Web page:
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Women’s Day: How crops grow independence in Bangladesh

Business skills training from the World Food Programme empowered one woman to become a self-reliant community leader
, Antoine Vallas
A woman stands in a field with eggplants in her hand, other women are visible in the background.
Aubergines are a staple in Hason Ara's community of Ukhiya in Cox's Bazar. Bangladesh. WFP/Sayed Asif Mahmud. 

Four years ago, shortly after hundreds of thousands of Rohingya refugees arrived in her community of Cox’s Bazar, Hason Ara received food rations from the World Food Programme (WFP). 

At the time, her husband, a food trader, was struggling to find any work, and with rising prices, they could not afford to put food on the table for their family of eight. They often skipped meals so that their children could eat; and having chicken or fish was a fantasy.  

In 2018, Hason Ara enrolled onto a WFP project designed to help the most vulnerable rural women of Cox’s Bazar start or expand their own economic ventures, increasing their incomes and their access to nutritious foods.  

She, and hundreds of other women in her community, received a US$180 grant from WFP, which they used to start growing vegetables and rearing livestock. (They also received a monthly allowance of US$12 while they set up their activities.)

Participants learned how to prepare a business plan, how to safely gather and deposit savings, how and where they could sell any surplus. They also learned accounting and basic financial management. 

“We were taught how to take care of savings, how to negotiate with buyers, and even how to protect and store our crops to prevent losses. I was taught how to deal with insects and who to call if there is an infestation,” says Hason.

'The land feeds us, and what we cannot eat, we can sell'

When it started, the group of farmers that Hason Ara formed with 23 other women would produce an average of 80 kg of vegetables per week. Now, the average week brings 280 kg. 

“We have more land now. The land feeds us, and what we cannot eat, we can sell,” she says.

A woman holds a sheet of paper on which she has written her business plan
Hason Ara's business plan. WFP/Antoine Vallas

WFP also built an ‘aggregation centre’ in the community, where buyers and sellers can congregate to negotiate and trade the fresh produce. The centre offers an autorickshaw service to help farmers carry heavy loads. Some of the produce is directly bought by the retailers who supply food to the Rohingya camps, where WFP provides monthly food assistance to almost 900,000 refugees - benefiting two communities at once.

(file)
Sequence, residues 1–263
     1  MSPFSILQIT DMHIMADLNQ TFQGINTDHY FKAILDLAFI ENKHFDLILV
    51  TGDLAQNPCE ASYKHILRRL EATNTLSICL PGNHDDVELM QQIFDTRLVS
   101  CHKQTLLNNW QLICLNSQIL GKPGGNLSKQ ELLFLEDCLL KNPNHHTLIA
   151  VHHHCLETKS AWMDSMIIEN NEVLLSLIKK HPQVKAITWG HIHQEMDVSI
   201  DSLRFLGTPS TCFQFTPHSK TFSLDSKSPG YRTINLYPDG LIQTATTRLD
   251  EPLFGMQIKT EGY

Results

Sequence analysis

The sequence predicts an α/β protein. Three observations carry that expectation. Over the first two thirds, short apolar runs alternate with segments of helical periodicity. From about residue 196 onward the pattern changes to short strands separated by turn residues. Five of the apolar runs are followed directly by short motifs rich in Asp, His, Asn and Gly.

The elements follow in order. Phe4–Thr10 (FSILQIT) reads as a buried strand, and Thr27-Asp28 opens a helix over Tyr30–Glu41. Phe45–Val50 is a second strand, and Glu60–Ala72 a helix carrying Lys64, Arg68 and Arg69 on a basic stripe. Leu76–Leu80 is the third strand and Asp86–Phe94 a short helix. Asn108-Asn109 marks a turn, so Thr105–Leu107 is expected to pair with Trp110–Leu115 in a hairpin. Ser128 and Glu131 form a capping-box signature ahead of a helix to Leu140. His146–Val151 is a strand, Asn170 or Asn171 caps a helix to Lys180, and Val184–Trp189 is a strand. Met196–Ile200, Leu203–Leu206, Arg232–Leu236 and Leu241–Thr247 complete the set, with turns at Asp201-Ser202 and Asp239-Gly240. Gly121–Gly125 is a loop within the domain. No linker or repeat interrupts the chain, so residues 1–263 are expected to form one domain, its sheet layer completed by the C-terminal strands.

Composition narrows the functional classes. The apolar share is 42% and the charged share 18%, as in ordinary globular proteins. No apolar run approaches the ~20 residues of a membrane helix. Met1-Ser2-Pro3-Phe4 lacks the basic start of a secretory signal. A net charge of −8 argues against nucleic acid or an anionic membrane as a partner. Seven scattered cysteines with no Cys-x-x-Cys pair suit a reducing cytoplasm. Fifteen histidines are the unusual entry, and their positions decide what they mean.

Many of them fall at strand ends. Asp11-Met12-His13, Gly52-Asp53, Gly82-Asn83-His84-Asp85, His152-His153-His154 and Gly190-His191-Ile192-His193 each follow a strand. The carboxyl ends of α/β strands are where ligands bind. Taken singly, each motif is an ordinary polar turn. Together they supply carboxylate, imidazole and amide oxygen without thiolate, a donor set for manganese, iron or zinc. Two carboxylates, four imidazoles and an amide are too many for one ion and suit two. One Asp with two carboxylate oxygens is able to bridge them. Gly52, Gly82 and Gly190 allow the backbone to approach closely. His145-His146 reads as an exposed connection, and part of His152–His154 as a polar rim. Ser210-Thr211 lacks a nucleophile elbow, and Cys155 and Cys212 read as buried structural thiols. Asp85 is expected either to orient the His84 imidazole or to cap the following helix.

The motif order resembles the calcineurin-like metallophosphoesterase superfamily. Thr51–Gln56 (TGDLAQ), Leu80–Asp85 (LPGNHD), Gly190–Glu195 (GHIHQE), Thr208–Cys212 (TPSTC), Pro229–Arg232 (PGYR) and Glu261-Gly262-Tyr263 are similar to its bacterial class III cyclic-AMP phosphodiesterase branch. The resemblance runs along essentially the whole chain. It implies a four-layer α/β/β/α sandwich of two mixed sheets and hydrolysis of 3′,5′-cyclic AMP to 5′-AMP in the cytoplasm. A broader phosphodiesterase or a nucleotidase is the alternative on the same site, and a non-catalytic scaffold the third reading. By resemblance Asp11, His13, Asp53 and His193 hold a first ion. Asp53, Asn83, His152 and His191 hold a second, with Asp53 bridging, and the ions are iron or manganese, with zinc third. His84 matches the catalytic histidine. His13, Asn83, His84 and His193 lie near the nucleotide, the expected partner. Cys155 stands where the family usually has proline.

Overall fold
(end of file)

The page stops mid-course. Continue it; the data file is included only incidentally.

“We used to need to travel to the market in Ukhyia to sell any produce, now we can sell it at the aggregation centre, which is very helpful,” she says. “Sometimes the buyers even come directly to us, because we have grown so big.” 

The profits of Hason Ara and her group are divided equally among members. Over four years, those profits have grown steadily, allowing her to build a house, pay for the education of her six children, and support her grown-up children's marriages. 

“I even bought tables and chairs so my children can study at home.” 

Hason Ara is now the main breadwinner of her family, and no longer relies on WFP’s food assistance to feed her children. Her husband supports the farm.

But growing economic autonomy is not the only change that transformed her life in the past four years. Learning new skills and finding success in her business helped her gain confidence. She started leading community discussions, reminding other women of the importance of good nutrition and sound economic management: saving, investing and not giving up after difficulties or a bad harvest. 

Hason Ara is seen standing up in front of other women who are sitting, she is leading a group discussion
Hason Ara leads a discussion with the group of women farmers she formed, reminding them of the importance of saving, investing and not giving up. Photo: WFP/Antoine Vallas

“Being so successful in this programme built my confidence and inspired me to do more,” she says. “I have realized that I can work well and I know that I am capable of more. People in the community respect me, and often come to me to solve quarrels. I have found the confidence and courage to solve issues: if a family cannot afford to support their marriages, I help raise funds in the community to pay for it. At the same time, I often speak out to prevent the early marriages of the younger girls.” 

Now, Hason Ara wants to become a community leader in the local government, a rural council. “I have more ambition than in the past. I know that women can solve problems without involving a man, and I even think we are better at it”. 


The Enhancing Food Security and Nutrition (EFSN) livelihoods programme in Cox’s Bazar is generously supported by the governments of Canada, France, the Kingdom of the Netherlands, the United Kingdom and USAID’s Bureau for Humanitarian Assistance. The programme has supported 45,000 host community women in Cox’s Bazar since 2018. In 2021, women participants earned a total of almost US$7 million with a wide range of business activities including vegetable, fruit, mushroom and fish production, livestock rearing and poultry farming, handicrafts, garments and pottery. ​​

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